By 1912 the Italian Futurist love affair with movement and speed was already underway and both Boccioni (The Forces of the Street) and Carrà (What the Tram Told Me) had identified the urban tram as a key emblem of modernity, placing it at the centre of their compositions. This building seems animated by the same spirit – a Machine Age Temple to the Tram. Finally, I must acknowledge the expertise of tram-chaser extraordinaire, Peter Ehrlich, whose invariably splendid photographs brought this wondrous place to my attention.
Tuesday, 14 October 2014
Green buildings, clad with vegetation have been around for a decade or more (the example below is from Quai Branly in Paris, 2006) but the recently completed Bosco Verticale in Milan extends the concept to include entire trees. Tree planting has become commonplace in hotel and corporate atriums the world over but this is the first example of trees migrating to the façade of a building. Bosco Verticale comprises two towers, of 18 and 26 floors and is on the edge an enormous regeneration project named Porta Nuova, close to Porta Garibaldi station, north of the city centre. The architect, Stefano Boeri, designed the two blocks with terracing to accommodate up to 730 trees (between 3 and 6m in height) together with 5,000 shrubs and 11,000 perennials. As the years go by and the trees grow it will present a novel management problem to ensure the trees are kept free of disease and pruned to avoid becoming too big for the building.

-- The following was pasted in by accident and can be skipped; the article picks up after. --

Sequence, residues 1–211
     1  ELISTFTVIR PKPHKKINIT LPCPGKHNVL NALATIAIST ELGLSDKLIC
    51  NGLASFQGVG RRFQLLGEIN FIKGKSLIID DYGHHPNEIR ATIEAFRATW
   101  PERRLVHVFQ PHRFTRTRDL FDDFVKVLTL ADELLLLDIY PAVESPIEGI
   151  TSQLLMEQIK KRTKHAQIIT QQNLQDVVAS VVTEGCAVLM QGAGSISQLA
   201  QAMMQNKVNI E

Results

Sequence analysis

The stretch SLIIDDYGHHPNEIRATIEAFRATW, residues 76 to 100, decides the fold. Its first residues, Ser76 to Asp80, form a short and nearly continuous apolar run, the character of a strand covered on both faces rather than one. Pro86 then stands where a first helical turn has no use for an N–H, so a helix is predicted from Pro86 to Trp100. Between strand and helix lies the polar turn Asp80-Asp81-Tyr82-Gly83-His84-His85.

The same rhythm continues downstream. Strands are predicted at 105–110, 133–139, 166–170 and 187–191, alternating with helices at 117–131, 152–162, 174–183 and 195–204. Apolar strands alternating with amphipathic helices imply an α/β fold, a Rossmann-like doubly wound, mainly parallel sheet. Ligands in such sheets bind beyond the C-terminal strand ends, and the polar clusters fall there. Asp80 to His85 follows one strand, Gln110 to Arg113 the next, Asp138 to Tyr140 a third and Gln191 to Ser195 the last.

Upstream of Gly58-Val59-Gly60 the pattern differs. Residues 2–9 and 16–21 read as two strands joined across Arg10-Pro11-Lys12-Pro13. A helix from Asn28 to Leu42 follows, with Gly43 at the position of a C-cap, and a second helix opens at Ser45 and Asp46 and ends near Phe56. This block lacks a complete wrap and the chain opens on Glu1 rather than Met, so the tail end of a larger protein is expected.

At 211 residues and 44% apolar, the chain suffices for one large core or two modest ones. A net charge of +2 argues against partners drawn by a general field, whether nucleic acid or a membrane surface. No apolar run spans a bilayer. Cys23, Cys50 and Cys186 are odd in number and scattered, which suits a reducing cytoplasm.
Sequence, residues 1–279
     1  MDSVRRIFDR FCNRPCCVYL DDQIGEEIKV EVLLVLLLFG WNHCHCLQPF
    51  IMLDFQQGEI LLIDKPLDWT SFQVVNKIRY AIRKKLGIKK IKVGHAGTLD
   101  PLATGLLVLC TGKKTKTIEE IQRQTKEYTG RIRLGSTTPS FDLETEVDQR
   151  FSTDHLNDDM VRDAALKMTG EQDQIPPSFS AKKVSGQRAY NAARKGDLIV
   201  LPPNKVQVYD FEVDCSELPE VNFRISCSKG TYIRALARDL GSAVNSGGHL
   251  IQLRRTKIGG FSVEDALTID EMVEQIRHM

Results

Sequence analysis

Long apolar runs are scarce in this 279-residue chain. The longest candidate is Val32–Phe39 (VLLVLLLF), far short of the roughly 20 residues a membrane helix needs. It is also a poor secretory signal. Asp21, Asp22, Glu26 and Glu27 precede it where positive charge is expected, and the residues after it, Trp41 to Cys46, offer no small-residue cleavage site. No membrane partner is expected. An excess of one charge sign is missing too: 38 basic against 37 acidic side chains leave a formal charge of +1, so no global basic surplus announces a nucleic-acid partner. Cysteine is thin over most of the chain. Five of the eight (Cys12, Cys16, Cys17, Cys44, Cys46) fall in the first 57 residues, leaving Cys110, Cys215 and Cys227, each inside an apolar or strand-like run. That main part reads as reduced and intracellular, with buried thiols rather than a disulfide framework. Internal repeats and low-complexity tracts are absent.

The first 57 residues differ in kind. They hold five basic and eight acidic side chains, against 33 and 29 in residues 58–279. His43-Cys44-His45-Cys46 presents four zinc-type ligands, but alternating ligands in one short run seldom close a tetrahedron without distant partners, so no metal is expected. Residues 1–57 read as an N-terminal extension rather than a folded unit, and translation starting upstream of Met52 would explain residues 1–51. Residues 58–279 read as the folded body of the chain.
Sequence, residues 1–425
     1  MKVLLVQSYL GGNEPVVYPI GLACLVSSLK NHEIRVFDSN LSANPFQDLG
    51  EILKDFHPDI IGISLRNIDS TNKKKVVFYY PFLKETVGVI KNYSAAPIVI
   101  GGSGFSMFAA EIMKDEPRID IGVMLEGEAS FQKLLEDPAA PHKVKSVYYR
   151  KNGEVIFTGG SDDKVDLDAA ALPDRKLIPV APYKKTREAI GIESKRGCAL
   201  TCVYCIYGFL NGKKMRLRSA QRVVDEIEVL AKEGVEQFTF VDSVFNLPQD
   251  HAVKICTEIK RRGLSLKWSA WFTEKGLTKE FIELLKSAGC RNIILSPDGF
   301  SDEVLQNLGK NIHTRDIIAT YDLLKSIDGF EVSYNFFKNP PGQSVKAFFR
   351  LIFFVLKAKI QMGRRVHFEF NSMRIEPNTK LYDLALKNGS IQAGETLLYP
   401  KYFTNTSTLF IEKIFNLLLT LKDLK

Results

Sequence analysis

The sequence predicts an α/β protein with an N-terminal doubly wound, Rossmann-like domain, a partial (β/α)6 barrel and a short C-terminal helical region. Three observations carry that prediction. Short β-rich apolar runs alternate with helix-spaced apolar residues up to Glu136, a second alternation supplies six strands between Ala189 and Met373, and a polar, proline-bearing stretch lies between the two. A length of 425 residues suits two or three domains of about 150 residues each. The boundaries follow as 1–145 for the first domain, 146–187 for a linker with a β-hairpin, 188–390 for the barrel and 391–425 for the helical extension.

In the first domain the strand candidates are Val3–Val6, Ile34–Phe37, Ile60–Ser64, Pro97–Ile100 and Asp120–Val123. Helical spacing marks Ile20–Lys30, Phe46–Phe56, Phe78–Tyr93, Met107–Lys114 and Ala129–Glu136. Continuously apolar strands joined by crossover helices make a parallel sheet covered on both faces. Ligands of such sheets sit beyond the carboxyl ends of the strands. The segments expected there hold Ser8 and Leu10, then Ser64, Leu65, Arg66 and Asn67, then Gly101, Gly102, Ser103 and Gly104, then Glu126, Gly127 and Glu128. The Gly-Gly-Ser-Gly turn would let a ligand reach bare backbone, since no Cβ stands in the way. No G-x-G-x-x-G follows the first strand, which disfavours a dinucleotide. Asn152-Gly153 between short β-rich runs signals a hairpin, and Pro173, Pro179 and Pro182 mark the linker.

The rationale for this adventurous project is to combat air and noise pollution (Milan has some of the worst air quality in Italy) and to offer the residents of the 400 apartments some direct experience of the natural world. There is a lower proportion of open space in Milan than in any other major Italian city. Tests have shown that the tree cover will act as insulation against winter cold and mitigate the build-up of high temperatures in summer sun. What is visible now is only the beginning of the scheme and the foliage looks a little thin at present. When mature in 5 to 10 years time it has the potential to look spectacular.